Jennifer Foulides, owner at Silver Fork Winery, said while she’s been open for to-go orders, the winery has been making sure to keep customers separate while they’re making purchases or waiting on their orders.
She said she was disappointed in the news Wednesday.
“I think the governor kind of forgot about us all together,” she said.
Foulides didn’t think wineries and breweries should be under the same umbrella as bars.
“I just don’t think we should be counted in the same bucket as a bar, and most of us have large, outdoor patio areas that can easily accommodate more than 6 feet of social distancing,” Foulides said. “We’ve been hanging in there with to-go orders and shipping, but that’s not going to be able to sustain our business for several more weeks or even months.”
Skelton, like the other business owners, said he didn’t think he would have had much of a problem keeping customers distanced while they were in the brewery by pulling tables away from each other, creating one-way lines and more.
“We could easily enforce the same kind of social distancing,” Skelton said. “It seems like if you can enforce that in a restaurant we can enforce that in a brewery.”
Across the state, the craft beer industry alone has contributed more than 12,000 jobs and $2 billion to the economy, but the shutdown has “devastated the industry,” said the craft brewers guild press release. Industry wide, revenues are down 75-90 percent.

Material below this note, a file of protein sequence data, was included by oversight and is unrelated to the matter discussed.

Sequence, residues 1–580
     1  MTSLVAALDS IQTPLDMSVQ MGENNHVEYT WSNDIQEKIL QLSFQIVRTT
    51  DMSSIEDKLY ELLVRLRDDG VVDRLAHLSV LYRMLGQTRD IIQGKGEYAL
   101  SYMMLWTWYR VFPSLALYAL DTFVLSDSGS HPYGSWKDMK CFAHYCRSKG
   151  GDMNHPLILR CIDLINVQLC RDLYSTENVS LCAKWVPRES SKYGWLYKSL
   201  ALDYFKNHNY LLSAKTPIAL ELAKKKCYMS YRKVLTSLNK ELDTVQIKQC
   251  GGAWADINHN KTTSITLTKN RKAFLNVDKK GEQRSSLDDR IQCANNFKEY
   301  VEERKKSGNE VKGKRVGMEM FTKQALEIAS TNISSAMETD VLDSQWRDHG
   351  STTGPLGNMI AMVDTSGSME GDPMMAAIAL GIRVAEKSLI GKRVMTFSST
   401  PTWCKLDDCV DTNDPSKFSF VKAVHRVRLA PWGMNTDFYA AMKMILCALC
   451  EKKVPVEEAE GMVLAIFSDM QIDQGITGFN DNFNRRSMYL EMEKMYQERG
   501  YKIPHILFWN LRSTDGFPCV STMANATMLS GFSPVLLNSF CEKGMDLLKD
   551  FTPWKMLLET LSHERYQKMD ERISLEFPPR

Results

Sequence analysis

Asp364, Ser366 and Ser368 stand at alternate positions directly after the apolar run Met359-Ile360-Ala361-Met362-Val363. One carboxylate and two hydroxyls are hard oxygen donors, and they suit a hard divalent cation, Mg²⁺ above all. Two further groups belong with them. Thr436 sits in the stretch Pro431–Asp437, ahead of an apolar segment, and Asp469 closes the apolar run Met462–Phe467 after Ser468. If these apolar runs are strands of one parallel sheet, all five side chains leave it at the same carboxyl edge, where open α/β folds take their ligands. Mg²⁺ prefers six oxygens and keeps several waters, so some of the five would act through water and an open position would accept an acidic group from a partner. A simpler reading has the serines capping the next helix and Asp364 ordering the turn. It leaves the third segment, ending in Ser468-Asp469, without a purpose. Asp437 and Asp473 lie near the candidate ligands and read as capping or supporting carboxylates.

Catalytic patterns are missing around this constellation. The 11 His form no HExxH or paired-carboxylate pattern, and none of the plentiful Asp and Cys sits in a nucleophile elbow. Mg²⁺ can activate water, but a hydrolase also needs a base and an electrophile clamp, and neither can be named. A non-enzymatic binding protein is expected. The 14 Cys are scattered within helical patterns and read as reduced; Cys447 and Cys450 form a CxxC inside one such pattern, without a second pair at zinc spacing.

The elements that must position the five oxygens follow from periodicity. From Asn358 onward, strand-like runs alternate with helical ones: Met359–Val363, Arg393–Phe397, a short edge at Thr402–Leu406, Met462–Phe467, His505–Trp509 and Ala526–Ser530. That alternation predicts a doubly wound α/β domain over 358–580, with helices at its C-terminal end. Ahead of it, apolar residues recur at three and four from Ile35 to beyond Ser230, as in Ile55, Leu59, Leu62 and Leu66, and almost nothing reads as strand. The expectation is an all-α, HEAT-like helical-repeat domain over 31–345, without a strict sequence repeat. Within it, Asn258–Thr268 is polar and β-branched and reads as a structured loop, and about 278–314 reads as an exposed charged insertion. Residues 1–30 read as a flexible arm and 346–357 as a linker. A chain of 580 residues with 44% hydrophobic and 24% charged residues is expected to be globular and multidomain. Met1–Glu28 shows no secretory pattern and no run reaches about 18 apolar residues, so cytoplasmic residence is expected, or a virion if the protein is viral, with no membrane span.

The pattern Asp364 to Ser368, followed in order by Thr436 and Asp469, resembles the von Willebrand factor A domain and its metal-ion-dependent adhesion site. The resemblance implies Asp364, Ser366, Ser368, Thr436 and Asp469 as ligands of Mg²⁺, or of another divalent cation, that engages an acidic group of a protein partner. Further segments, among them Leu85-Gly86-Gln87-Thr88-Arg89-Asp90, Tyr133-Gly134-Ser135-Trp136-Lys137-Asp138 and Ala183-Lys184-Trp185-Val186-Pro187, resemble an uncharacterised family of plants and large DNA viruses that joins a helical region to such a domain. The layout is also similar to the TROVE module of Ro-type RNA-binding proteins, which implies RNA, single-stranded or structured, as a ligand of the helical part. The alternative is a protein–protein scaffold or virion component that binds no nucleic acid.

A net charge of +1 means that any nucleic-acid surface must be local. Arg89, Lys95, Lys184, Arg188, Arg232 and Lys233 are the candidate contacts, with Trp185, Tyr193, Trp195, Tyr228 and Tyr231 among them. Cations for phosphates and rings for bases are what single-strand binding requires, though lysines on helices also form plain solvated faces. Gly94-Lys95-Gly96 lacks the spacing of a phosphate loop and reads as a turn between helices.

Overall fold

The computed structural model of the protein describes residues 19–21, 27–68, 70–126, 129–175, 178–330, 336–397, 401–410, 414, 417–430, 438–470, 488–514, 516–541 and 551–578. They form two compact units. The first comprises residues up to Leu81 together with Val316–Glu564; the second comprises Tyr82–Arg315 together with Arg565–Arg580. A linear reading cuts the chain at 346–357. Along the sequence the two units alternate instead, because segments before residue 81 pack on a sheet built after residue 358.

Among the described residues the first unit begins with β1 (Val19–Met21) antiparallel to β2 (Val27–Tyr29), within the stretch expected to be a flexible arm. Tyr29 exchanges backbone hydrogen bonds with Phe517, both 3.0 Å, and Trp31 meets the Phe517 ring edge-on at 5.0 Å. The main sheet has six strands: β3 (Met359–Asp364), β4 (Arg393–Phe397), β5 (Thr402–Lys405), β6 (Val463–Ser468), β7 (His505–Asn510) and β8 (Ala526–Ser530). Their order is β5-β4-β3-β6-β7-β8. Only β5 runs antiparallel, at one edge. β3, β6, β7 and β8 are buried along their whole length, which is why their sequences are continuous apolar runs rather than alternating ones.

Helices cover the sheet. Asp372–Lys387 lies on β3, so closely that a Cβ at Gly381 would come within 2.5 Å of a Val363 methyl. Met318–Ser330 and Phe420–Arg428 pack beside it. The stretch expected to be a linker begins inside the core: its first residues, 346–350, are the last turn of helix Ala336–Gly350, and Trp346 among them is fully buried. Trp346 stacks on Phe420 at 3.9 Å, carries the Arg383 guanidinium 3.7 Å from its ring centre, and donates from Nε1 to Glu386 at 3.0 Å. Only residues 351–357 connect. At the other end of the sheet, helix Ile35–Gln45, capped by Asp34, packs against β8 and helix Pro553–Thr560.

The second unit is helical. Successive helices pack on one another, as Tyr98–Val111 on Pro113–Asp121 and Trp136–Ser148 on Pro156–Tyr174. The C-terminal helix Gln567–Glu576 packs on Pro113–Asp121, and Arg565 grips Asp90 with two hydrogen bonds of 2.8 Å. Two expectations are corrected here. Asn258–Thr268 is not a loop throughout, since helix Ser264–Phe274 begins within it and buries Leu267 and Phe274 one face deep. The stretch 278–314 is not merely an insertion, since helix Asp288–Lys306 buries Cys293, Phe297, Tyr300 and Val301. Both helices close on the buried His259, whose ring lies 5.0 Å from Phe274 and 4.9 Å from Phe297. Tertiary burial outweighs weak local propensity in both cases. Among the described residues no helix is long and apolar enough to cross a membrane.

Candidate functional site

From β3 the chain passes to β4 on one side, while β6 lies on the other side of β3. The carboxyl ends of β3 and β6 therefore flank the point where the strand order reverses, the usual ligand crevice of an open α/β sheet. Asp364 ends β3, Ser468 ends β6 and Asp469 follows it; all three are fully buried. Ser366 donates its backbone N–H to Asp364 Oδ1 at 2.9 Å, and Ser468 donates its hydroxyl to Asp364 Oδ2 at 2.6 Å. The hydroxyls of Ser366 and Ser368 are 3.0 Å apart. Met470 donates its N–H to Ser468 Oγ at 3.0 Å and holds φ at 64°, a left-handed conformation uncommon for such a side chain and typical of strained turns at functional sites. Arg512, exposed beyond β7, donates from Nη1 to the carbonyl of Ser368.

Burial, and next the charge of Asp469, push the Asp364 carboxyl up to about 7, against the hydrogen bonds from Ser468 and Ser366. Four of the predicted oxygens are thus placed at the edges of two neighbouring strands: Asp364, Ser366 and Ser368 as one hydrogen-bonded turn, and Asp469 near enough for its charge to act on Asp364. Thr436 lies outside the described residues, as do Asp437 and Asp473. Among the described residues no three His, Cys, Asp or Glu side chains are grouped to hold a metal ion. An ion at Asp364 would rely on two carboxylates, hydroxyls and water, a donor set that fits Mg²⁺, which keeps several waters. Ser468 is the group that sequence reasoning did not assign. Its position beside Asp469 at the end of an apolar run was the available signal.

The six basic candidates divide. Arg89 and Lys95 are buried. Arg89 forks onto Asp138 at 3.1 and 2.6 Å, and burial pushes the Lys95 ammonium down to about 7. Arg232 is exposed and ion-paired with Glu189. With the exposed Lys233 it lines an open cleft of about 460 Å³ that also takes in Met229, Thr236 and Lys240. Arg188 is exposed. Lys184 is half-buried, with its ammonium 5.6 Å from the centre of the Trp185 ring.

The same has been said for local businesses.
Foulides said Silver Fork is down probably 30-40 percent.
“And this is our busy season,” she said. “For wineries, especially the spring and fall, it’s when people come out.”
Skelton said his has been down to making about 10 percent of total profit, with limited help from the government’s small business paycheck protection loan program.
“We got $1,000 from that program, which is, you know, not a lot,” Skelton said.
At Catawba, Johnson said draft business is down but distribution still is doing well. She said they were surprised at the amount of to-go beer the brewery has sold.
“It’s definitely impacted our draft business and just during the week business,” Johnson said. “We have done really well with canned beer and we’ve ran specials for growler fills to try to go through some of our draft beer because ... 80 percent of our business is distribution and 20 percent is taproom sales.”
Down the street at Sidetracked, Ackerman said on average, the brewery has only brought in about 40 percent of what it normally would, but this week that dropped to 10 percent.
He wrote a letter to Cooper asking him to reconsider breweries’ designation under Phase 2.
“Because we do not serve food at our establishment, your latest executive order would classify us as a ‘bar’ and would not allow us to open until the end of June,” he wrote. “If this is the case, I may lose not only my business, but my home. Because patrons can have a pint of beer at any other establishment that serves alcohol in our town, there will be absolutely no reason for them to come to our brewery. This would be a death knell for businesses like mine.”